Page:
Category Archives: Scholarship

Rebuilding the Portfolio, Week 1: A Report from the Field

At the moment, we’re in the weekend break for the first of two summer institutes that Sheila Brennan and I are running through the Center this summer: Rebuilding the Portfolio: Digital Humanities for Art Historians. From what I can tell, the participants, Sheila and I, and the wonderful folks who have been supporting our learning (Megan Brett, Stephanie Grimes, Spencer Roberts, and Celeste Sharpe) are pretty wiped out. Hopefully, the weekend will give everyone a chance to recharge, but in the meantime, I thought I’d take a minute to process some of the ground that we’ve covered.

We’ve approached our curriculum with no assumptions about participants technical background, but with the full awareness that they are careful, critical scholars in their fields. This has allowed us to offer the introduction of new techniques in the context of important disciplinary perspectives. As a result, our opening conversations on the first day were based in bringing these commitments into play with the methods, generating productive discussions of the threshold concepts that set art historians apart from other humanities scholars and the ways those concepts might help us define the parameters of digital art history.

We’ve approached our work with a pattern of modelling techniques and then offering participants the opportunity to try their hands at working with the tools themselves. Thus, in the course of the week, the whole group has managed to sign up for a domain of their own with Reclaim Hosting, install WordPress and Omeka, work with themes and plugins for those platforms, annotate images with a range of tools, assemble digital narratives using several platforms, and begin to work with spatial approaches. That’s an awful lot of ground to cover in the space of a week for participants who arrived as digital novices.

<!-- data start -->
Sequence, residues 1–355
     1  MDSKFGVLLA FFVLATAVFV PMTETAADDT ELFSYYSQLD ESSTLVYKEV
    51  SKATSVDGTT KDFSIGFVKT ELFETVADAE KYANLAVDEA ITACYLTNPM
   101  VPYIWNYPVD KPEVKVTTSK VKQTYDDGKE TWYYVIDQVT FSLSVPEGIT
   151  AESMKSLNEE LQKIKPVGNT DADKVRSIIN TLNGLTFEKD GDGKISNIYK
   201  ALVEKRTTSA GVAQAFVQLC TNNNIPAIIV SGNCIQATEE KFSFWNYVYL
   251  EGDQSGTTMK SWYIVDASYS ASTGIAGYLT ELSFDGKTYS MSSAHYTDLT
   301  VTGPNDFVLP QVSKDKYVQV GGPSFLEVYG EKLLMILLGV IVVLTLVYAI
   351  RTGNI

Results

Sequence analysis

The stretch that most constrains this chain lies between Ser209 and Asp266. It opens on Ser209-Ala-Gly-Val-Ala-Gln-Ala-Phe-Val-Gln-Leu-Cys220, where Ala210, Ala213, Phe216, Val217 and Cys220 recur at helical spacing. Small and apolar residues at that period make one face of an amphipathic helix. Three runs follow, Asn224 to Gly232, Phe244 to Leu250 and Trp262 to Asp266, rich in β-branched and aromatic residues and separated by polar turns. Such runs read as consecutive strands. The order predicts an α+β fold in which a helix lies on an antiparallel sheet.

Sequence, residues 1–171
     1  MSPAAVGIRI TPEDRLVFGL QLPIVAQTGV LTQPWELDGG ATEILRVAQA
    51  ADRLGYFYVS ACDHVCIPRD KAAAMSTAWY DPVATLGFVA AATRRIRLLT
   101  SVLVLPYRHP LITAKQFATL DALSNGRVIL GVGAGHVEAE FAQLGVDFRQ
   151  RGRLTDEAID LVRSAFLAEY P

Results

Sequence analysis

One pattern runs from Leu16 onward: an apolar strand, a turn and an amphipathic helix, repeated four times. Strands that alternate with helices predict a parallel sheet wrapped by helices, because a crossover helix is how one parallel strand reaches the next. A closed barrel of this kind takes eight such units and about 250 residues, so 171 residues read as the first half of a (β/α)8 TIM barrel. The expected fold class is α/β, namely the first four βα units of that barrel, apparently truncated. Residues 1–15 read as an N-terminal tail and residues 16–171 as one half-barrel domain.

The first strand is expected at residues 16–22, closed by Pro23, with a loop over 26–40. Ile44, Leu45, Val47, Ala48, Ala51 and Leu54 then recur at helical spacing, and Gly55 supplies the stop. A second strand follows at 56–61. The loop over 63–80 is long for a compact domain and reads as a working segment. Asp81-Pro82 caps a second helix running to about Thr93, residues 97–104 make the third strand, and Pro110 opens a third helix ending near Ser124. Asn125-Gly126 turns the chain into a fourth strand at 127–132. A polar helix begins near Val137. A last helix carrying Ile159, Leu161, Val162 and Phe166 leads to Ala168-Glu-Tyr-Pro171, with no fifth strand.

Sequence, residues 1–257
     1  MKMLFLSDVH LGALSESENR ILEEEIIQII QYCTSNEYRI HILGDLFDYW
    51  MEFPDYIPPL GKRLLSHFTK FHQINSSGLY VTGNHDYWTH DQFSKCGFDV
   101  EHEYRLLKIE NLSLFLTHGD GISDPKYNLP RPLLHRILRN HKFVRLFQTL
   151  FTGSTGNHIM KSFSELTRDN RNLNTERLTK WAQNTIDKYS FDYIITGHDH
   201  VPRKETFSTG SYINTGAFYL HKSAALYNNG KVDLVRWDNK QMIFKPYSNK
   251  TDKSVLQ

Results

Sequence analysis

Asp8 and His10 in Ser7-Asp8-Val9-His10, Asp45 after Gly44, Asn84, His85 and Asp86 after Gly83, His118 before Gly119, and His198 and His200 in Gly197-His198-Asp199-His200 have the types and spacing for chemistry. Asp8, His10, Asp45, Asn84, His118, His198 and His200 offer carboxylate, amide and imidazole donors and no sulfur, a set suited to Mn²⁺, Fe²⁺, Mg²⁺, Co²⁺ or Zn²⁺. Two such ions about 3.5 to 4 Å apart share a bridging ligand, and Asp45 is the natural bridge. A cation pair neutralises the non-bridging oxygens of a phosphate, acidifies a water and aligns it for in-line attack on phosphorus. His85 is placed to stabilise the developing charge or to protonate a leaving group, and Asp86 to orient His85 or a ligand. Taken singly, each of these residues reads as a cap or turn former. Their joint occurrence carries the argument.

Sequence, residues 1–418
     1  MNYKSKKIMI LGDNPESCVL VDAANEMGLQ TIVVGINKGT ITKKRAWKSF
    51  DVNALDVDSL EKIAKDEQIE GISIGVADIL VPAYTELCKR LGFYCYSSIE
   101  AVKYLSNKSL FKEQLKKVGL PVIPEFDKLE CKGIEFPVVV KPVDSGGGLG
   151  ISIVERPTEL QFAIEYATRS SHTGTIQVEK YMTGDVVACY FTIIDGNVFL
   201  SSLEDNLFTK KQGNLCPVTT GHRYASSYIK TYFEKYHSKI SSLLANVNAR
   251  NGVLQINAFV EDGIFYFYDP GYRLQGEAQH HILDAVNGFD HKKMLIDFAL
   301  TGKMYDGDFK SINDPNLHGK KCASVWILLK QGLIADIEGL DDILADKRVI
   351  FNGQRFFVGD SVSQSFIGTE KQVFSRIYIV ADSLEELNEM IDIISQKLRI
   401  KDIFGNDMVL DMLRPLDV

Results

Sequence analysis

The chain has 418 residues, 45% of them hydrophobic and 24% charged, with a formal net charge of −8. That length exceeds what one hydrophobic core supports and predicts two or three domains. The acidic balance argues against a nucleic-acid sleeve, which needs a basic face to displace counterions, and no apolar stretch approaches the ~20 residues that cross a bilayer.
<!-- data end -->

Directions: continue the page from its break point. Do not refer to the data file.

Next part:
This progress would not have been possible if the participants were not willing to embrace the gaps in their experience and understanding of these methods and tools. At the same time, we as instructors have had to work really hard to surface the tacit knowledge involved in working with the tools so that we can actually model each and every step required to work with them successfully. Hard work on everyone’s part. But, as we begin week two, everyone is moving forward through the reciprocal process of framing research questions, approaching the digital tools and their outputs, and refining our questions–all the while sharing our work and our process with the wider community of scholars.

Finally, none of our explorations during these two weeks would be happening without the generous support of the Getty Foundation, which has risen to the challenge of increasing the use of digital techniques in art history through professional development opportunities. This kind of support is essential to the project of broadening the base of scholars working with digital technologies and the scholarship that employes them. Based on the our work so far in this institute, I’m confident that we’ll start to see a nice range of new digitally inflected projects and courses in the near future.

Follow along with our work at #doingdah14.

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Always Looking Backward? (In a bad way)

Today the American Historical Association posted a statement on embargoing completed dissertations that was drafted by the AHA Council and approved on July 19.

This statement cites no concrete evidence for its conclusions and flies in the face of what many of us who are involved in the mission to transform scholarly publishing see happening in the field. The statement has definitely made me question the direction of the AHA, its ability to represent historians, and its commitment to my students.

I have about seven thousand things to do right now, but there is a timely article coming out in the July issue of College and Research Libraries that directly undercuts this line of argument and thinking. Since the article is CC-BY-NC, I’m reposting it here so you can read it:

Marisa L. Ramirez, Joan T. Dalton, Gail McMillan, Max Read and Nancy H. Seamans, Do Open Access Electronic Theses and Dissertations Diminish Publishing Opportunities in the Social Sciences and Humanities? Findings from a 2011 Survey of Academic Publishers College & Research Libraries vol. 74 no. 4, 368-380.

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